Why are you threatening me mom?

Discussion in 'General Parenting' started by JJJ, Apr 3, 2007.

  1. JJJ

    JJJ Active Member

    Over the last 5 minutes...
    Me: Kanga, those pants are dirty.
    Me: Kanga, why did you go in that cupboard? It's off limits.
    Me: Kanga, brush your teeth in the hall bath.

    Kanga: Why are you threatening me?

    What part was the threat????????
  2. tiredmommy

    tiredmommy Well-Known Member

    She's not perceiving things right, that's for sure. I hope that was an isolated incident & not a harbinger of how your day will be. Ugh!
  3. timer lady

    timer lady Queen of Hearts

    Triple J,

    difficult child seems to perceive questions/statements of fact a bit differently. wm frequently skews a question or an observation as a threat.

    Hard to keep your cool when a kid is taking a statement of fact as a threat.

    Appreciate the absurdity in this - some days it's the only thing you can do.
  4. crazymama30

    crazymama30 Active Member

    my difficult child often says I am yelling when I am not. I do not think my tone of voice is severe, but I cannot hear myself. I think some days he is just extra sensitive.
  5. LittleDudesMom

    LittleDudesMom Well-Known Member Staff Member


    could be that she just used the wrong wording and meant "Mom, why are you bugging me so much?" (or harping, or telling me what to do, etc.... Just a thought.

  6. Marguerite

    Marguerite Active Member

    difficult child 1 often gets words wrong. It's like he has his own definitions that he's worked out for himself. In a situation like that, I always ask, "Please explain. In what way was I threatening you? I don't understand." Then I might give him the correct word. "Honey, I wasn't threatening you, I was bugging you. And I was bugging you to do those things because it's my job as parent to help you learn to look after yourself."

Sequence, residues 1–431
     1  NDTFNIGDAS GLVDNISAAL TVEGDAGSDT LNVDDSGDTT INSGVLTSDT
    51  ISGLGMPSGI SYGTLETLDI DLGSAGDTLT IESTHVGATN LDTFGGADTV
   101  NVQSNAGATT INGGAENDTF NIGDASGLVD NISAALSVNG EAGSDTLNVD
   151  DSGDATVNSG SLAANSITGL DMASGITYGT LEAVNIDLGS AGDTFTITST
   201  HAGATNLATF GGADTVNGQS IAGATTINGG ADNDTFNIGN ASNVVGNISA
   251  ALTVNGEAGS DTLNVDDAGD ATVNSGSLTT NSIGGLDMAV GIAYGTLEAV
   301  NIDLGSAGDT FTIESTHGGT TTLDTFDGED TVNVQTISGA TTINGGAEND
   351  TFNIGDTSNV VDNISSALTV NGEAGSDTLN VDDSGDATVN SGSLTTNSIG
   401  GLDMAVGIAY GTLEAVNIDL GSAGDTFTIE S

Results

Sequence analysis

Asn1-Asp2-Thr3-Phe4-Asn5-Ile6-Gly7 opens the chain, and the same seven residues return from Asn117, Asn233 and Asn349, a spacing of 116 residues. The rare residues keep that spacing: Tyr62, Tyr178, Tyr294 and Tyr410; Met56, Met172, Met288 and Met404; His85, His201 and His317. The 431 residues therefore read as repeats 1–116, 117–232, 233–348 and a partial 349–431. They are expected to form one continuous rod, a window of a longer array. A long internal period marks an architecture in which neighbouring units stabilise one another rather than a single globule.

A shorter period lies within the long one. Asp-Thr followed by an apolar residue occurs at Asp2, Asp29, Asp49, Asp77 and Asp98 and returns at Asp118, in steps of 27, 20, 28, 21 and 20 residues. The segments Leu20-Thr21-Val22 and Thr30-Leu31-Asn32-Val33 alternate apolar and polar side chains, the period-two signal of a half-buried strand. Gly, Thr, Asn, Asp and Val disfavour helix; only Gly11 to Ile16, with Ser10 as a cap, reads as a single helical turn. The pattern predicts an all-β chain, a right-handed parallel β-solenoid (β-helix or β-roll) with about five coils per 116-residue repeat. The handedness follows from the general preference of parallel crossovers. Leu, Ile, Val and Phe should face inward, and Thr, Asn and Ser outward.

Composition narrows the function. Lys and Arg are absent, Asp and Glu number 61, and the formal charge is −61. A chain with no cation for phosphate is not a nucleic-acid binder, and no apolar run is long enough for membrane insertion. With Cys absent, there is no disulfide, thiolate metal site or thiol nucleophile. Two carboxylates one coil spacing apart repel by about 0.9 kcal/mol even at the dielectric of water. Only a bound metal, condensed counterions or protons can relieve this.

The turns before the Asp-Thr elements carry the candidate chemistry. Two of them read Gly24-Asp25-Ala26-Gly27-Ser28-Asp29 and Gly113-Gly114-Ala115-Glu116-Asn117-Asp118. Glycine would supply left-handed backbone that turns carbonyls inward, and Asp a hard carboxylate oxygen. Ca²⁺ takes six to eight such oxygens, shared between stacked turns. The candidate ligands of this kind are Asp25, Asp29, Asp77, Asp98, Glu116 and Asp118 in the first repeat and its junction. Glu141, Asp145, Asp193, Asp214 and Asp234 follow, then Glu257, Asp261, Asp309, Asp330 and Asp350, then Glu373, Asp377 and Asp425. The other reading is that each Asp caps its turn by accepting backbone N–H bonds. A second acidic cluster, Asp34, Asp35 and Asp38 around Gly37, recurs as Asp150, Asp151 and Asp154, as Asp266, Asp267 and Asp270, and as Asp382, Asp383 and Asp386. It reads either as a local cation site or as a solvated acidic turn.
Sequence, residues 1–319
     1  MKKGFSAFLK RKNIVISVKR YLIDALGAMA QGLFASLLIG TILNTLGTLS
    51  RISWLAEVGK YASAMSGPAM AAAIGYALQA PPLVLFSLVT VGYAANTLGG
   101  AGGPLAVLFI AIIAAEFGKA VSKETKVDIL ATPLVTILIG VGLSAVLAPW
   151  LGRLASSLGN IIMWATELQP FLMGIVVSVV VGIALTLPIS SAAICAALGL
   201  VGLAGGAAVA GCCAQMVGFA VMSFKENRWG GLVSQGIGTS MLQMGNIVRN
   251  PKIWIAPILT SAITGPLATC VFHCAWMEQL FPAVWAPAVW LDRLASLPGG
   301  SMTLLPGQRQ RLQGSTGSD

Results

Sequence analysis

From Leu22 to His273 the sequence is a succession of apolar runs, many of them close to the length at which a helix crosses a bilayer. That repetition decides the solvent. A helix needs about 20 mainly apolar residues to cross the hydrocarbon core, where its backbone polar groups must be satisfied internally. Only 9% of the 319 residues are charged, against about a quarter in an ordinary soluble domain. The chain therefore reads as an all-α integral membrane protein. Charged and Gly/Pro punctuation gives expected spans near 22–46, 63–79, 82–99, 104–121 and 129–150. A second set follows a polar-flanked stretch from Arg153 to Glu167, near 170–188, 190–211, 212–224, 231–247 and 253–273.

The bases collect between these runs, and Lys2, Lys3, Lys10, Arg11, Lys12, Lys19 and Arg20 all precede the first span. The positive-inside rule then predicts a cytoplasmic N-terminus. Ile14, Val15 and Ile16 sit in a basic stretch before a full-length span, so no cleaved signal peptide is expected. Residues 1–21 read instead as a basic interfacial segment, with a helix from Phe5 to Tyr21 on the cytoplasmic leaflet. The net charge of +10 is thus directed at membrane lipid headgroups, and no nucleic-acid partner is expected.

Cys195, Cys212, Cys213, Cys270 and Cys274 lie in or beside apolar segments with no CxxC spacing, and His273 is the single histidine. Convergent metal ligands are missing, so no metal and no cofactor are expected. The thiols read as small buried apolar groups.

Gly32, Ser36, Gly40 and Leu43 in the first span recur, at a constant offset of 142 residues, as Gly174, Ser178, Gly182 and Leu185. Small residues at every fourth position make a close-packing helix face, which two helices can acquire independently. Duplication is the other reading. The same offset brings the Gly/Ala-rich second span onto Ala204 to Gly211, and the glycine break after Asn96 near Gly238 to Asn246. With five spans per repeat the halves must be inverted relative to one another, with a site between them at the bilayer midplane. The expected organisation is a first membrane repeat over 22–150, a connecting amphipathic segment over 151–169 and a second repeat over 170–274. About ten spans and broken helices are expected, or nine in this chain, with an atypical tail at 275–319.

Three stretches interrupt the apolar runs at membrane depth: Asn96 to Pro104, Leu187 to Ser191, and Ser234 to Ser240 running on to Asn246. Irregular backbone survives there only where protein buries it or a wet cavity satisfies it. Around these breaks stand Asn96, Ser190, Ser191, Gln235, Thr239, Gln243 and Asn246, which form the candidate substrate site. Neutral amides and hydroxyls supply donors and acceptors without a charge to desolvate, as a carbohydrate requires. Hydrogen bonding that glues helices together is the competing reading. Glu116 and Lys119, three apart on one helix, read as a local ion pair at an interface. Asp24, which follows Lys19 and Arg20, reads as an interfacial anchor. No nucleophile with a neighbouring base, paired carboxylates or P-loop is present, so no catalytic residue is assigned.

We also write the list of things on a small blackboard, for difficult child 3 to tick off as he deals with each one. Then instead of nagging/threatening/pestering/bugging, I just point to the board.

  7. Karen & Crew

    Karen & Crew New Member

    Sounds like something my difficult child would do. Like Sharon said, maybe KT was just using the wrong word? Mine does that frequently too. I'll take anything over "Why do you HATE me?" which is what I generally get when I ask him to do ANYTHING!
  8. DDD

    DDD Well-Known Member

    difficult child misperceives like that quite often. Sometimes I really think
    he is doing it on purpose...and then...it becomes apparent that
    he isn't. With him it seems to be getting slightly worse lately
    and although I am trying to chalk it up to hormones, I feel a little paniced that it could be indicative of pattern. Matter of
    fact I am pushing the School Board for a new evaluation to explore changes that have taken place in the past few years.Some
    have been positive for sure. Others, make me frightened for his
    future. DDD

    Asking a series of questions or giving a series of instructions
    to difficult child in a short period of time triggers off responses. You are not alone on that one!
  9. Marguerite

    Marguerite Active Member

    DDD, that sounds like a multitasking problem. We get that from difficult child 1 if he's hit with too many instructions or a verbal list of things to do. He doesn't say, "I hate you" or anything like that, but he begins to go into classic autism withdrawal, hands over ears, crouching over, trying to shut it all out.